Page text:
Dealing With the “I Prefer Your _____” Conversations

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One of the greatest blessings that God has given me in ministry is the opportunity to work alongside a veteran missionary who has served for close to twenty-eight years in Saint Vincent. His guidance, insight, and loving “I wouldn’t do it that way” conversations have been a tremendous help in my first year of ministry in SVG.

Actually during my first six-months in Barrouallie he was in the States caring for serious medical issues so our relationship was limited to Skype or Facebook chats. Spending half of my first year as intern pastor his absence, and the second half in discipleship ministries. Unfortunately this leads to some awkward conversations or situations with other people.

As you can imagine we have different personalities, and those personality differences affect the way we do ministry

– I’m more people centered (being around people) while he prefers privacy
– He is incredibly organized while I’m definitely not 🙂
– My speaking style is loud and and animated with lots of humor, while his emphasizes discussion or challenging people’s thinking
– Lots of ministry for him involves physical labor since he is VERY GOOD at working with his hands and building things, while I struggle building paper-airplanes

These differences of course aren’t a problem by themselves, however your always going to find people who prefer one style of ministry over another…so it’s really easy to fall into a “I prefer your _____________” conversation. These are VERY dangerous because it means that person has compared you with another pastor or missionary, and based on THEIR OPINION decided you are better.

In a way this conversation is a compliment, but usually beneath that compliment they are making a very strong statement.

You would do a better job of leading this Church than the current pastor

And this is where the real danger comes, because if these conversations are allowed to continue then eventually you will start believing you can do a better job of leading the Church. And before long your working behind the scenes to take the job that should be yours in the first place.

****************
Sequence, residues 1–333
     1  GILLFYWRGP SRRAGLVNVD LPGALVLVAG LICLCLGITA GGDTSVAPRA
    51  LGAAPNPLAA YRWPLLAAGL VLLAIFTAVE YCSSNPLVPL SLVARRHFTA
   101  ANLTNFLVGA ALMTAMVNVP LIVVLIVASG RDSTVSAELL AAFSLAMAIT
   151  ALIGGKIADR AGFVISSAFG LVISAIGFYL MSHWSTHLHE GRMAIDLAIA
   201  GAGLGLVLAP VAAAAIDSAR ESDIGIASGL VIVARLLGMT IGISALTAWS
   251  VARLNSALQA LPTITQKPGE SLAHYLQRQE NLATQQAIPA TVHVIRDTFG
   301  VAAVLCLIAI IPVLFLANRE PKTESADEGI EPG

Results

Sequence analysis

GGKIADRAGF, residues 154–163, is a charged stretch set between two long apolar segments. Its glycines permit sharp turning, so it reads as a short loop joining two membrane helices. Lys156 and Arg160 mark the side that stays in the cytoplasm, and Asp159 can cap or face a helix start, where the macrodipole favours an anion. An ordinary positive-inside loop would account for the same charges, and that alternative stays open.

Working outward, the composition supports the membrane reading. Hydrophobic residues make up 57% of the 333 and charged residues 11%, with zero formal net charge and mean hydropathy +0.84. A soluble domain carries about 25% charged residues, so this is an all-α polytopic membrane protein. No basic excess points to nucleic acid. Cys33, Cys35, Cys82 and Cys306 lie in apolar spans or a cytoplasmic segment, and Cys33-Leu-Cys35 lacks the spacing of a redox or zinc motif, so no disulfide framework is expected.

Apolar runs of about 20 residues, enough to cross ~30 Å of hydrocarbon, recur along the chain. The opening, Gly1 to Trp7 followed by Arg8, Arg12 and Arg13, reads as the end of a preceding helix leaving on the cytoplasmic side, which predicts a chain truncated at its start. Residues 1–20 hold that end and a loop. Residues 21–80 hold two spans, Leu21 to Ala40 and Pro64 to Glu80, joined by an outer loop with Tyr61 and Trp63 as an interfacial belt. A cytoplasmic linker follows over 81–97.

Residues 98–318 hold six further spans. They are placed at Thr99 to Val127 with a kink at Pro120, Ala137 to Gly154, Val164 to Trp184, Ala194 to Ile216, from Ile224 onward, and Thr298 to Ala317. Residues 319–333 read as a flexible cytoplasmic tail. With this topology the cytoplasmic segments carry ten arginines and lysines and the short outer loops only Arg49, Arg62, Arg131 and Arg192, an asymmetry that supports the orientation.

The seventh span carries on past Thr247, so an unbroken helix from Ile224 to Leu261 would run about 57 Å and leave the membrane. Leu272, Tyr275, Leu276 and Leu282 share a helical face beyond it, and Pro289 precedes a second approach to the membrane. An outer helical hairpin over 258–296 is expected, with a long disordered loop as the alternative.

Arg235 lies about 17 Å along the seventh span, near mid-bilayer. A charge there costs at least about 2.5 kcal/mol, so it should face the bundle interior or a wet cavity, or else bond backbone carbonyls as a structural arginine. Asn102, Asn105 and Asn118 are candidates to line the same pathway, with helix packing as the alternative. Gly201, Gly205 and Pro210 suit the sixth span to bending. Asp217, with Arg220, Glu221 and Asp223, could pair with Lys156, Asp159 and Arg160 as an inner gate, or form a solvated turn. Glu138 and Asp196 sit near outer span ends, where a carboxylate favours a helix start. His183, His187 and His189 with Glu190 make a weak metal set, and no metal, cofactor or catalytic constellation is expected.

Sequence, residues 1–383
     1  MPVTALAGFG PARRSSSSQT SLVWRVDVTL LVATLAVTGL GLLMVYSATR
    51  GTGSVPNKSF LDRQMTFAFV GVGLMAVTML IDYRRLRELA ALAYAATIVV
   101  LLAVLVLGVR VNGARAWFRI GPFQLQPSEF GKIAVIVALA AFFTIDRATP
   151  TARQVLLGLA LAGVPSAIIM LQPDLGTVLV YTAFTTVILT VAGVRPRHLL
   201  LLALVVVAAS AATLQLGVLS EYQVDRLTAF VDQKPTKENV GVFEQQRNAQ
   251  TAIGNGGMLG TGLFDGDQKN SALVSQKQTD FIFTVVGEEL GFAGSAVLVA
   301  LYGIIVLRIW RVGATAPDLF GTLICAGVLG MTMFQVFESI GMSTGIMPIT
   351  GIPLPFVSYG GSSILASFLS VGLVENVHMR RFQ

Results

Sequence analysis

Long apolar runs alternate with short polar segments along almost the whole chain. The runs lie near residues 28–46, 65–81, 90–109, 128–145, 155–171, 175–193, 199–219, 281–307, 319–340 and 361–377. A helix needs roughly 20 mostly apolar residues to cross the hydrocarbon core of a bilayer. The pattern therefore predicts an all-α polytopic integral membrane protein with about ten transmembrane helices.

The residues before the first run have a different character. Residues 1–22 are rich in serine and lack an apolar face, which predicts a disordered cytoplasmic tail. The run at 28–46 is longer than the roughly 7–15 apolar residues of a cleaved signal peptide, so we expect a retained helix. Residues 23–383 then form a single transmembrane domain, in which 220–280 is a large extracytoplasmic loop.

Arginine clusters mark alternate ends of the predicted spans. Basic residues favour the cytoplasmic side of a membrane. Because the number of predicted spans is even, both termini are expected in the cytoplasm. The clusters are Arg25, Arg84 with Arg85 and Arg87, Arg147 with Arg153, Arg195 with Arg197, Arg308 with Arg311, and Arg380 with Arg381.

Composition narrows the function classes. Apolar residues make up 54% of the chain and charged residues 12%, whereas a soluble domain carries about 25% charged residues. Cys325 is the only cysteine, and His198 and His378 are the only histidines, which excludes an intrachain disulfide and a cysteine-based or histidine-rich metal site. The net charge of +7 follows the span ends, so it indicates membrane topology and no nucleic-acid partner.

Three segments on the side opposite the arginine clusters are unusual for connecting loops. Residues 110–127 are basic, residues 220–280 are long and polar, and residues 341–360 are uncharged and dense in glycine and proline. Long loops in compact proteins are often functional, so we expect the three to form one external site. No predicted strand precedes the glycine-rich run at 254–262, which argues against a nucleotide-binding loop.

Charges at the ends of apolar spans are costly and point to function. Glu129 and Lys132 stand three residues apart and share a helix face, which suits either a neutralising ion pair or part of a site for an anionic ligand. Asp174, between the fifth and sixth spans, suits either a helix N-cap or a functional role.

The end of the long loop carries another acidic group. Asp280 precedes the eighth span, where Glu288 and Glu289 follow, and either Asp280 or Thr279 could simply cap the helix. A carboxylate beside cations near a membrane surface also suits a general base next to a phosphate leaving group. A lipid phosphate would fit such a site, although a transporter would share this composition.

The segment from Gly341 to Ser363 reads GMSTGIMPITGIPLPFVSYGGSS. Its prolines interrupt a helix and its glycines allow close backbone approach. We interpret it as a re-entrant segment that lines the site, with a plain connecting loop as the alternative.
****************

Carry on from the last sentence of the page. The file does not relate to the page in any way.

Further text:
Now let me be absolutely clear about why these conversations are sinful

– They create division in the Church
– They are based on the personal opinions or preferences of people instead of character
– People gravitate towards an outgoing or energetic personality (personality shouldn’t affect who leads a Church)
– And over half the time the reason they say they prefer you is because of something the pastor did they didn’t agree with

Unfortunately the two halves of my first year allowed individuals (both saved and unsaved) to notice the way I did things, and the way that the veteran missionary does things. And of course this started the “who do I prefer?” Question in many minds. This creates the need for me to shut down “I prefer your ________________” conversations whenever they come up.

Last week a lady who attends Church occasionally stopped me and asked “why don’t you preach more?” Which of course was a sure sign a “I prefer your preaching” conversation was coming. I explained that the right of preaching was for the senior pastor (veteran missionary), who not only planted that Church in the community, but served faithfully for twenty-eight years.

She proceeded to list reasons why people weren’t coming to the Church (all of which had to do with the senior pastor) insinuating if I was leading there wouldn’t be a problem. The Lord helped me shut her down with the fact that this man was chosen by God to be the leader of the Church, and after years of faithful service he deserved all of our obedience (herself included).

Editors note: I’m well aware that some individuals think a loud outgoing personality makes me a better leader, but know beyond a shadow of a doubt the veteran missionary who has forgotten more than I know about reaching the lost is much more qualified.

Much of missions involves working with a ministry team (and it should) but this also creates openings for “I prefer your _____________ conversations.” And all it takes is one moment of weakness for us to believe “you know I can do a better job leading than that person!” This is why missionaries especially must remember leadership isn’t based on ability, personality, and its definitely not about whether people prefer you….its based upon the call of God.

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